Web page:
Hattie Mae Trent Carter: Her story is part of “Four Score and More” at county museum

While growing up, Hattie Mae Trent Carter had 15 siblings and didn’t need to play with other children in the neighborhood. She may have been troubled by the treatment of black people, but the family bond was enough to build her self-worth that allowed her to succeed in a southern community that held on to southern traditions until President Lyndon B. Johnson signed the Civil Rights Act of 1964.  

The Act of 1964 was the most sweeping civil rights legislation since Reconstruction, the Civil Rights Act prohibited discrimination of all kinds based on race, color, religion, or national origin. The law also provided the federal government with the powers to enforce desegregation. Hattie Mae Trent Carter was 40.   

She was married then, but years before she remembered the separate entrances to public places and the separate water fountains and restrooms.  At a young age of 18, Hattie Mae Trent had a dream of being a nurse but decided she did not like to see people die.  Through the successes of other employment and mentors along the way, Carter established herself as an entrepreneur owning her own businesses; a beauty shop, a janitorial service, a catering service, a real estate business and a landlord, owning several pieces of property.  She was a productive member of society who lived by her bond saying “What I say I am going to do, I do it. My word is my bond.  What I start, I finish.  I put the lord first to show me the way.”  Carter has always been committed to church and family and continues to live a satisfied life devoted to family and church.

Carter’s story is one of several on display at the Chesterfield County Museum during their current exhibit highlighting Black History. The exhibit, “Four Score and More,” allows one to relive 20th century through the words and stories of elder African-Americans.  Artifacts and photos from their lives in Chesterfield County will be on display as well as video interviews conducted by the African-American History Committee of the Chesterfield Historical Society.  The display runs through April.

Hattie Mae Trent (her family name) grew up on a farm off Centralia Road where Salem Church Elementary and Salem Middle School sits today.  “Daddy had chickens, goats, cows, pigs and everything else – you name it,” said Carter.  “He grew sorghum and made molasses and grew much of what we ate.  I plowed the fields with our horse. It was hard work but it made me strong.”  The Trent’s also grew wheat and enough corn to make trips to the mill during harvest for the making of flour and corn meal.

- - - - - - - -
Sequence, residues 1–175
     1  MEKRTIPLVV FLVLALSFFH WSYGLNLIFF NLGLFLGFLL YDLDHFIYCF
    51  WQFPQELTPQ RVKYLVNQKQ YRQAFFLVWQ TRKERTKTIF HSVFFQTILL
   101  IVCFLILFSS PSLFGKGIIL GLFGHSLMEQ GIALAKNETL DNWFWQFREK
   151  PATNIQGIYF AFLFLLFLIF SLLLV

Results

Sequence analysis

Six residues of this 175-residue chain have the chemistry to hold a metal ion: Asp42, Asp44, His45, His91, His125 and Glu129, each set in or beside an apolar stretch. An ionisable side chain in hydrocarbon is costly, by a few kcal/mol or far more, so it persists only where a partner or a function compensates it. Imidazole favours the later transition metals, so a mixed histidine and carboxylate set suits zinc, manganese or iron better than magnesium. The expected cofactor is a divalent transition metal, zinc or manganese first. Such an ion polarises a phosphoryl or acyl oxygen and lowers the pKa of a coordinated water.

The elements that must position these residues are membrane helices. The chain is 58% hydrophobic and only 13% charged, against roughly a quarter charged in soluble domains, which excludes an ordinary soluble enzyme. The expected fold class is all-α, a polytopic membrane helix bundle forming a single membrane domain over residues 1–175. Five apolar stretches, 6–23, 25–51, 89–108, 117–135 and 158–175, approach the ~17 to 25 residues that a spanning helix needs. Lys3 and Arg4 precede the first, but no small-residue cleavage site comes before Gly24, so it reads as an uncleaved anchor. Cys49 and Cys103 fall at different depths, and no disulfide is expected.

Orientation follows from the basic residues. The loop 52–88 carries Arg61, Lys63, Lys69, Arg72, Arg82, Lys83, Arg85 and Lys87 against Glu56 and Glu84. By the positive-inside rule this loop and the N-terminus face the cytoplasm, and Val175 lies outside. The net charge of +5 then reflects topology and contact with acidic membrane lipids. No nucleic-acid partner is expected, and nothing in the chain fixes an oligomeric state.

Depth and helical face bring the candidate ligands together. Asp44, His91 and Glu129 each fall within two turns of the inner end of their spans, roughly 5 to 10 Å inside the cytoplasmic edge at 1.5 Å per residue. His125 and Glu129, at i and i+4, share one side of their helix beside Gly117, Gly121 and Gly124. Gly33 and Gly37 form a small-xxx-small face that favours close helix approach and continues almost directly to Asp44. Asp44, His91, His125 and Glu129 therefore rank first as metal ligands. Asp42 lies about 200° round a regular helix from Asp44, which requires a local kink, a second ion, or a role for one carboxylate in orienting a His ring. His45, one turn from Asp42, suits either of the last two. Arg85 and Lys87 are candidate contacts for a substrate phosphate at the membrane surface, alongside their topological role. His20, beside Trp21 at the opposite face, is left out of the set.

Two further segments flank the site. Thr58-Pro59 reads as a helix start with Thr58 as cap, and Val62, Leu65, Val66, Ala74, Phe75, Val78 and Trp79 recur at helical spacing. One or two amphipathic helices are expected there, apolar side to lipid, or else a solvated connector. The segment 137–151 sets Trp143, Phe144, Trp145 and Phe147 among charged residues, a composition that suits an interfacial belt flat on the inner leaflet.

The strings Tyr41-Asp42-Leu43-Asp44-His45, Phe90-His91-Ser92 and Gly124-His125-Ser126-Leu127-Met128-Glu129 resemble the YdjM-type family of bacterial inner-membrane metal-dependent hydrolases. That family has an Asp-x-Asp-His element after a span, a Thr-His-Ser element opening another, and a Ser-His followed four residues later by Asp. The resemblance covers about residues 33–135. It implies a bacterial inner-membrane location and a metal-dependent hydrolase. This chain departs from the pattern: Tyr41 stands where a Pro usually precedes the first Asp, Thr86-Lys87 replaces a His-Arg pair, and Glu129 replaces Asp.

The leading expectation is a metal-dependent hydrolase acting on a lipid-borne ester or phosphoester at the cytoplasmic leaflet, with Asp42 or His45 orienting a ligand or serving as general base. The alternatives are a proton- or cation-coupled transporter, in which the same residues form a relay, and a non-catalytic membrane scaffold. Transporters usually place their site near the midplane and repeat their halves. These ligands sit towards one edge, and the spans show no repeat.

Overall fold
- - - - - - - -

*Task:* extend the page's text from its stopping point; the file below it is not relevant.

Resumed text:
She and her sisters and brothers attended Centralia Elementary School which sat three blocks south of the existing Salem Baptist Church.  “It was two rooms,” said Carter.  “Mrs. Elaine Friend had the first, second and third grades and Miss Pauline Graham had the fourth, fifth, sixth and seventh grades.”  Their middle school and high school years involved a three-mile hike to and from Drewrys Bluff off of Hopkins Road and she and her sister caught a bus at Beulah Elementary to take them to Hickory Hill High School.  Her younger brothers and sisters attended Carver High School.  

The family home burned when she was 15 and they went to live with her grandmother at her home place which sat on Iron Bridge Road were WaWa sits today.

Her father, G. S. “Guy” Trent, opened a country store on Centralia Road, G.S. Trent & Sons, which also had what Carter, called, a “Carriage Service.”  It was a taxi service. “My daddy would drive people where they needed to go,” she said.  Carter along with her mother, Serena Goode Trent, helped out in the store when Mr. Trent had to be away from the store.  The store operated until the late 40s.  “Those good old days were the best time,” she said.

Carter graduated at the age of 18. She went to work full-time at the American Tobacco Company and worked part-time at Summerhill Nursing home under the supervision of Mrs. N.B. Goodwyn.  After her leave there, she had various jobs while attending cosmetology school.  In 1963 she was a licensed cosmetologist.  She started a real estate business in 1968.  Carter also had a janitorial business and a catering business for 25 years.  She became a representative for Macke Vending Company and earned the company’s presidential award in 1973. She said she had many folks to “show her the way.”  

In the family there were eight girls and seven boys.  Eleven still live today with the youngest one being 67 and the oldest 90 and four being in their 80s. Her grandparents were Susan Claiborne and George Eddie Goode.  She has been a member of her church, First Baptist Church of Centralia, since she was 11 and now at 88 years old, still drives herself to church.  She was married to her husband, Matthew H. Carter for 49 years before he passed 18 years ago.  

To view her exhibit and more, visit the Chesterfield County Museum located at 6813 Mimms Loop on the Historic 1917 Courthouse Green.  The museum is open Tuesday through Friday from 10 a.m. until 4 p.m. and on Saturday from 10 a.m. until 2 p.m.  For more information call 768-7311.


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